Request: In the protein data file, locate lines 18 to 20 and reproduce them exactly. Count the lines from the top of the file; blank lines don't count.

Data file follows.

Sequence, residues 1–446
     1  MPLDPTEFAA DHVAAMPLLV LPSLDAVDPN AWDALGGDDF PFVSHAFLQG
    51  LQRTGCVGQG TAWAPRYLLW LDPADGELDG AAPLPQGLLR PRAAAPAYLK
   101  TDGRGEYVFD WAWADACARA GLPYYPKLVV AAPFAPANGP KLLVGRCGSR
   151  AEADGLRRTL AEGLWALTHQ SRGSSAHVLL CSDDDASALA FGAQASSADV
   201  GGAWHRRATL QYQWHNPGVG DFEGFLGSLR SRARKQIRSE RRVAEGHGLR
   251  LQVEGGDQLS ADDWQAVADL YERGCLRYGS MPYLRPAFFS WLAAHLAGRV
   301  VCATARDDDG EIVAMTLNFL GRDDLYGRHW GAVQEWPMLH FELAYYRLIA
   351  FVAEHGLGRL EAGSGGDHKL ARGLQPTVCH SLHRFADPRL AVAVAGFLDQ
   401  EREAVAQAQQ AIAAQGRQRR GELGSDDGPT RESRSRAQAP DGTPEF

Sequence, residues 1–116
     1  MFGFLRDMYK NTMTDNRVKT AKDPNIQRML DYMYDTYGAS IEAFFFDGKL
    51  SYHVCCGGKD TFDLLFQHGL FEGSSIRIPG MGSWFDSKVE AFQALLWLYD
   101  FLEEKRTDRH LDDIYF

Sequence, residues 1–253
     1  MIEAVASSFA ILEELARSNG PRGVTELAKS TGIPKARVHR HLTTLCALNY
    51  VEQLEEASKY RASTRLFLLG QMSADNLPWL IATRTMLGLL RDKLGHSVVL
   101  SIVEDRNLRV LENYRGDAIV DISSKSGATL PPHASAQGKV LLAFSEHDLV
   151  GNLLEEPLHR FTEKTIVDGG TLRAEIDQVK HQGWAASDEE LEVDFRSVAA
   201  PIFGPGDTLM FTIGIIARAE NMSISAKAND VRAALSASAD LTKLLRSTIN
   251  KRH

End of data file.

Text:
   101  SIVEDRNLRV LENYRGDAIV DISSKSGATL PPHASAQGKV LLAFSEHDLV
   151  GNLLEEPLHR FTEKTIVDGG TLRAEIDQVK HQGWAASDEE LEVDFRSVAA
   201  PIFGPGDTLM FTIGIIARAE NMSISAKAND VRAALSASAD LTKLLRSTIN